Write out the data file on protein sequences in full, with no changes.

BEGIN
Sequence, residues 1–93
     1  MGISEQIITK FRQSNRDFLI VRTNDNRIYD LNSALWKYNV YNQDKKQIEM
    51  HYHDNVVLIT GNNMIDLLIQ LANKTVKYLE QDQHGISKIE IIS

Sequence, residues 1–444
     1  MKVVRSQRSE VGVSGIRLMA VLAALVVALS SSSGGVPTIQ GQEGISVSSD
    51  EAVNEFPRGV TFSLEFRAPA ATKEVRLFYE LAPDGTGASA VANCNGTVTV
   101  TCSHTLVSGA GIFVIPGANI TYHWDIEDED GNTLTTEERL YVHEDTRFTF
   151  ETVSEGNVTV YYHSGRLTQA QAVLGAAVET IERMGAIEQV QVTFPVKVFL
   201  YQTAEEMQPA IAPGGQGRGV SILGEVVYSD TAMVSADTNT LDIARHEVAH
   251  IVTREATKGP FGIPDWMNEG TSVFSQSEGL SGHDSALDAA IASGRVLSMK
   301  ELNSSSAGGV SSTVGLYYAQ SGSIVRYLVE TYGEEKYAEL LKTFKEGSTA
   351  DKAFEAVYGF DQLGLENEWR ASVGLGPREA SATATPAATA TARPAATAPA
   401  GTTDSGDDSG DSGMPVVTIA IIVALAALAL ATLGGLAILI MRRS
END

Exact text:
Sequence, residues 1–93
     1  MGISEQIITK FRQSNRDFLI VRTNDNRIYD LNSALWKYNV YNQDKKQIEM
    51  HYHDNVVLIT GNNMIDLLIQ LANKTVKYLE QDQHGISKIE IIS

Sequence, residues 1–444
     1  MKVVRSQRSE VGVSGIRLMA VLAALVVALS SSSGGVPTIQ GQEGISVSSD
    51  EAVNEFPRGV TFSLEFRAPA ATKEVRLFYE LAPDGTGASA VANCNGTVTV
   101  TCSHTLVSGA GIFVIPGANI TYHWDIEDED GNTLTTEERL YVHEDTRFTF
   151  ETVSEGNVTV YYHSGRLTQA QAVLGAAVET IERMGAIEQV QVTFPVKVFL
   201  YQTAEEMQPA IAPGGQGRGV SILGEVVYSD TAMVSADTNT LDIARHEVAH
   251  IVTREATKGP FGIPDWMNEG TSVFSQSEGL SGHDSALDAA IASGRVLSMK
   301  ELNSSSAGGV SSTVGLYYAQ SGSIVRYLVE TYGEEKYAEL LKTFKEGSTA
   351  DKAFEAVYGF DQLGLENEWR ASVGLGPREA SATATPAATA TARPAATAPA
   401  GTTDSGDDSG DSGMPVVTIA IIVALAALAL ATLGGLAILI MRRS